Yet another piece of brilliance with a viral campaign, this time from Guinness.

Have a look at this commerical



Here’s a small list of some of the most memorable viral campaigns we’ve had in the past…

+ Victoria Bitter’s Stubby Symphony Orchestra
+ Pure Blonde’s Pure Gold
+ Carlton Draught’s Big Ad
+ Heineken’s Unchanged Since 1873
+ Victoria Bitter’s The Tash
+ Carlton Draught’s Flashbeer
+ Tooheys’ Bottle Opener
+ Hahn’s Love The Taste

And let’s not forget the mountain of great campaigns for Bud Light and other international beers.

Why is it that the beer market is leading in viral marketing? Perhaps sampling your product during the brainstorming stage is the key to success.

Surprisingly, the writers’ strike in Hollywood has not made the media here in Australia. However its easy enough to follow over at United Hollywood, basically members of the Writers Guild of America (WGA) have currently stopped production of big shows such as The Office, Lost, >Desperate Housewives, Scrubs, Heroes and Grey’s Anatomy.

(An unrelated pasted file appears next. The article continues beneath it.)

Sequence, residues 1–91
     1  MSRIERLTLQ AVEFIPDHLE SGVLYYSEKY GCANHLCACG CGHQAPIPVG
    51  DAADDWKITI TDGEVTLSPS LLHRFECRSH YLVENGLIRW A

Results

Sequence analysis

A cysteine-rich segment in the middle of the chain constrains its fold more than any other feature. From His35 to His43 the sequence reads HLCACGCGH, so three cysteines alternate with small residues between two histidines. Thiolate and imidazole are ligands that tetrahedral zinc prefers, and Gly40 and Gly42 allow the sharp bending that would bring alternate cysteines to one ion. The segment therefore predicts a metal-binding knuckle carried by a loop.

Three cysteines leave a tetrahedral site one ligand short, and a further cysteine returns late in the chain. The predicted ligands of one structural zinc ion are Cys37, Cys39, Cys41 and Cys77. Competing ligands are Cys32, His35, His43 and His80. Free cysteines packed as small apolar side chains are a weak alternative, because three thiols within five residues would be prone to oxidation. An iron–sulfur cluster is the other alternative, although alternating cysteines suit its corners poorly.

The easiest way to explain it is by watching this four minute piece of footage

Seems like a pretty good cause to me.

But the purpose of this post relates to a post over at the United Hollywood, A Modest Proposal: Hello, Google!

“If Google wanted, they could scoop up THE ENTIRE ENTERTAINMENT INDUSTRY.”

It is an interesting read that really brings to light the future possibilities of the Internet. It seems far fetched, but is there some method in this madness?

Will we look back in five years time and laugh at the thought of a television not connected to Google and the Internet?

I always wondered if someone ever specifically sat down just to develop new words for the English vernacular. For example the marketing word prosumer, can it be tracked back to the person who first used it?

Well here I give you the first ever use of the word…


n. sham·paign
a campaign where the brand or product remains unknown until later revealed through subsequent marketing

The word shampaign is a portmanteau of the words sham and campaign. An online dictionary defines the word sham as “something false or empty that is purported to be genuine” and “one who assumes a false character” which I believe is somewhat appropriate and allows for a good play on words.